MARTINEZ -- A local filmmaker and longtime environmental attorney brings both a modern-day relevance and an invitation for an audience to envision a time when a native Scotsman first set his sights on California's mountainous terrain in 1868.
Alameda resident Tony Garvin will be showing his film, "In Search of John Muir," at 2 p.m. Sunday, July 14, at the John Muir National Historic Site in Martinez.
"It's really hard to put yourself in Muir's mindset and time frame," he says. "It'd be like us going to Mars or the moon. It must've been a mind-blower ... Muir was the perfect person to come (to the Sierra) and go wild ... It's no surprise he called it the range of light."
Garvin's travels include going to Scotland and trekking in the Sierra in areas off today's beaten path.
"To go to places where I was following in the footprints of Muir was somewhat eerie, to walk around where he would have walked, it gives you goose bumps," he says.
While Garvin and Muir have a shared affinity for conservation and savoring time spent in the mountains, the filmmaker says that he was fortunate to have that lifelong exposure to such environs, having grown up in the Pacific Northwest.
"My epiphany was realizing all the mountains weren't like Mount Rainier," he says of his ensuing brief hiatus from the 300-foot Douglas fir, cedar and redwoods, when he traveled to Cornell University to attend law school.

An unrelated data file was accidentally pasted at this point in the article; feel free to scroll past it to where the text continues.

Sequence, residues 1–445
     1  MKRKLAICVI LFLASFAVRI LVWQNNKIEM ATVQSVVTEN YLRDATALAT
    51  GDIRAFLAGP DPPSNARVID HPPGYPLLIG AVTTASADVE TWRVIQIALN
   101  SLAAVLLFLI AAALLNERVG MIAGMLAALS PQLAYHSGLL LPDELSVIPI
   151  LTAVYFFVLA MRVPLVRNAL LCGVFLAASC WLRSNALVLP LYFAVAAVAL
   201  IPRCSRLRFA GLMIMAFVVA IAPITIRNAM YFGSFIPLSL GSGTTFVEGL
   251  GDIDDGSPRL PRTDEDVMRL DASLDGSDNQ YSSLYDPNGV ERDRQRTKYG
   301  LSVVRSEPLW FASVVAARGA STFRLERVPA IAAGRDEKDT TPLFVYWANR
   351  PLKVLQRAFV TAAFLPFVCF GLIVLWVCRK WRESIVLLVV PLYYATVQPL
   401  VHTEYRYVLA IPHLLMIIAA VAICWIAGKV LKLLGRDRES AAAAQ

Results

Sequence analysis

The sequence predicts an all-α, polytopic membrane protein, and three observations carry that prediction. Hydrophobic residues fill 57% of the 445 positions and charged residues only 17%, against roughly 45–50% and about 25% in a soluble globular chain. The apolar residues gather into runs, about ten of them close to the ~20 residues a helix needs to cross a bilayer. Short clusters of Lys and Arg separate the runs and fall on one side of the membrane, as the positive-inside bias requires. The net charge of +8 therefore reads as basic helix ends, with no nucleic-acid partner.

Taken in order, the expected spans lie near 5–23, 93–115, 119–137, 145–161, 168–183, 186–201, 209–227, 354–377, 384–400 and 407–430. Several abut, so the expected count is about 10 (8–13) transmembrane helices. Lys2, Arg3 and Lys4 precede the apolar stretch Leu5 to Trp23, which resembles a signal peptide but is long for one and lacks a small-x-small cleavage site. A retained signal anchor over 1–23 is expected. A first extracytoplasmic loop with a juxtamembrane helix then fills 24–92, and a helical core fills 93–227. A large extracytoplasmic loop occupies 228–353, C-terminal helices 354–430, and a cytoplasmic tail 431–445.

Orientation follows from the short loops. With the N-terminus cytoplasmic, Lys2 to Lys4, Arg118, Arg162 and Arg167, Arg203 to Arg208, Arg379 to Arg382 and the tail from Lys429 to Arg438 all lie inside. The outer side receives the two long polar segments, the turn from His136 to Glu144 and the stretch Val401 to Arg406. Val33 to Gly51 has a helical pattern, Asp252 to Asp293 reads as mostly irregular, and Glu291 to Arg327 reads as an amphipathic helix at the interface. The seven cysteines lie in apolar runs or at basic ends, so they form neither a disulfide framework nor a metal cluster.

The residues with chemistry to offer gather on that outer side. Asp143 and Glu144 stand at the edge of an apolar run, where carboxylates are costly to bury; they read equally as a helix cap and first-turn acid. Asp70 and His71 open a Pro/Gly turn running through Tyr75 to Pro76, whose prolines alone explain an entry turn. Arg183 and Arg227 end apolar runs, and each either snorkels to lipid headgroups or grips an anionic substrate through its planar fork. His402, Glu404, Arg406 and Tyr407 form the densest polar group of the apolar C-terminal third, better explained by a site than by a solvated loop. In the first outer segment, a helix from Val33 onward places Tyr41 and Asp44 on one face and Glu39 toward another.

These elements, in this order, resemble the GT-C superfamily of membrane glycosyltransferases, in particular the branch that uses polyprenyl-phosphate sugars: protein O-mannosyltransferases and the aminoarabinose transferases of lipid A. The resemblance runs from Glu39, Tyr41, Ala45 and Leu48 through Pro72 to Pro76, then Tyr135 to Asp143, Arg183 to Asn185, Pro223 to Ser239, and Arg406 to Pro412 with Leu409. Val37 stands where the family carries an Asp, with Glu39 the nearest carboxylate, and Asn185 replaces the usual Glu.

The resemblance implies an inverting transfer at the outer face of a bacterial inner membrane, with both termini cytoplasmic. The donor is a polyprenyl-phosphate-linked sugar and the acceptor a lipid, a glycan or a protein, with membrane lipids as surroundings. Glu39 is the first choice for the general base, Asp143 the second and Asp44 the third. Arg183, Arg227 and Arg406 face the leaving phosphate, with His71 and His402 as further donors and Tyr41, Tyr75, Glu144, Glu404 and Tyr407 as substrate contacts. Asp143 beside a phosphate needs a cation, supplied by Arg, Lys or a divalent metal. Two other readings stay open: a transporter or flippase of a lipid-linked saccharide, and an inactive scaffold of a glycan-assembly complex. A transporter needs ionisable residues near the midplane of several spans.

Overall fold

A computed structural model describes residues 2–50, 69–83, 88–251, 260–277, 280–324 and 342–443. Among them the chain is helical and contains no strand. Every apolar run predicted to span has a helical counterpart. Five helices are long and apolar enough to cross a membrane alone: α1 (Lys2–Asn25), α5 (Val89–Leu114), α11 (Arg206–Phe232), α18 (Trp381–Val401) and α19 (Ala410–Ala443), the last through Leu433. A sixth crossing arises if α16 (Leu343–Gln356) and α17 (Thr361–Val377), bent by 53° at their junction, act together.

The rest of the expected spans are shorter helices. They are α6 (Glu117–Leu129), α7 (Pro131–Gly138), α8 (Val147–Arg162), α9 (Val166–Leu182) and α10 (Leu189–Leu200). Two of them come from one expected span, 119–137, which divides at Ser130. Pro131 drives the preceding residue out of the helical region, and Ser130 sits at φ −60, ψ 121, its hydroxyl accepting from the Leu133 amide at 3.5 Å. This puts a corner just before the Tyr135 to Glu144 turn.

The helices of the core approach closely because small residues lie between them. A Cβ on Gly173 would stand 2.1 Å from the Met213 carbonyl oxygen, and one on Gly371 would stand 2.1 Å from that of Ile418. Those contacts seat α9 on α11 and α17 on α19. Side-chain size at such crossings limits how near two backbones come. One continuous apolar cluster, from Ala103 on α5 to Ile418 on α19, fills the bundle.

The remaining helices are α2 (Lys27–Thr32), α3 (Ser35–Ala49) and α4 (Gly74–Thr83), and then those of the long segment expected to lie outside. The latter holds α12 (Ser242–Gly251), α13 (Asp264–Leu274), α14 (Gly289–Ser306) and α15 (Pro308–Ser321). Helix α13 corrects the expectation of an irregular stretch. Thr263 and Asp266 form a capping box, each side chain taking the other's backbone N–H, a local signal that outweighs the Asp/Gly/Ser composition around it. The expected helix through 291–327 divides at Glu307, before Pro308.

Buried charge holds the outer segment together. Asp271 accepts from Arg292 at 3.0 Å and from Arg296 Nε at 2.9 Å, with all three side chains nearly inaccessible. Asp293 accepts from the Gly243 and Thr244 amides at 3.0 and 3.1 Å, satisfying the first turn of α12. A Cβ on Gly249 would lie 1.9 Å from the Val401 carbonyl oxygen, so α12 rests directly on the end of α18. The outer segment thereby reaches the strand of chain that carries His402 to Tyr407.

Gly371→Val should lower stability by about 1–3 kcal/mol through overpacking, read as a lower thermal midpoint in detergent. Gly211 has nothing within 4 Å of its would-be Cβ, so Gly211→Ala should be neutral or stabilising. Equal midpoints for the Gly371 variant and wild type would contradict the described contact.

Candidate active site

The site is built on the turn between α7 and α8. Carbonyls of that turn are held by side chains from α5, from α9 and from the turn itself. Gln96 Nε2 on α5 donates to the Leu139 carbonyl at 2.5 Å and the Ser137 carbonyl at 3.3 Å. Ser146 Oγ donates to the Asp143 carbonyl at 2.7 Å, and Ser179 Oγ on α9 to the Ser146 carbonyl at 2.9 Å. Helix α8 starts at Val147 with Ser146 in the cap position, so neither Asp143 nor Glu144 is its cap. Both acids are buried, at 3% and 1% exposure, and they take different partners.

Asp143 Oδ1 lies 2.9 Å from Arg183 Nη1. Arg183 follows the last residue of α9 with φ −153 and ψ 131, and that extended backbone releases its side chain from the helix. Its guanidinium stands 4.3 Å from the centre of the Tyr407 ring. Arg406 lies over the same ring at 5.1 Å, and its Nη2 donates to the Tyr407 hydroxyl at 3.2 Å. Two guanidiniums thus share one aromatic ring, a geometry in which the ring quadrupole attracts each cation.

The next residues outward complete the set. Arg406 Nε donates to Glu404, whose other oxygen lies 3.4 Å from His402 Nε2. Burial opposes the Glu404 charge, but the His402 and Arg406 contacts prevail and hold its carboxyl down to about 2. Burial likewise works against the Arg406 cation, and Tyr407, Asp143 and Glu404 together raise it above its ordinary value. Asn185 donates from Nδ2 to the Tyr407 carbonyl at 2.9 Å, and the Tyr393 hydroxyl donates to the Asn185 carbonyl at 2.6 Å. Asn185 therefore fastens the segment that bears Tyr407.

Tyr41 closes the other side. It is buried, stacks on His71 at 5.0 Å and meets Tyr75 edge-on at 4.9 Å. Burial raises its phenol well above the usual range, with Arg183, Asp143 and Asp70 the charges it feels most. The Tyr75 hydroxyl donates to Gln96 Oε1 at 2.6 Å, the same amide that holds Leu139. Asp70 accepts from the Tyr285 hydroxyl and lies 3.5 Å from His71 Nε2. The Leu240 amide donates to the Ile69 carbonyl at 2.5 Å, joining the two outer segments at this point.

"I didn't see a tree till Ohio," says Garvin, who was among the first attorneys hired by the Environmental Protection Agency in 1973, when he started reading Muir's books.
While interviewing the rangers at the Martinez site, Garvin realized the significance of the time his favorite naturalist spent there.
"Without Muir's time at the ranch, we wouldn't have his books," he says.
"John Muir's words have resonated through the decades and now his words are being brought to film," says Martinez City Councilman Mark Ross. "It's a great opportunity in 'Muirtinez' to hear his message."
Garvin believes that Muir was proof positive of "how much one single individual can do." He and Muir also share a belief in the integrity of each organism, that it "had the right to thrive, regardless of any potential benefit to man."
"That's a lesson we need to carry on," he says.
The upcoming screening of Garvin's film, along with myriad programs at the John Muir National Historic Site, are part of an ongoing commitment to keep Muir's message in the mind's eye of people of all ages.
"The simplest thing we do (at the John Muir site) is to let nature into our lives. It's really all that he needed," says Jill Harcke, director of the John Muir Mountain Day Camp.
What: Screening of documentary film, "In Search of John Muir"
When: 2 p.m., Sunday, July 14
Where: Visitor Center, John Muir National Historic Site, 4202 Alhambra Ave., Martinez
Information: visit www.nps.gov/jomu, or call 925-228-8860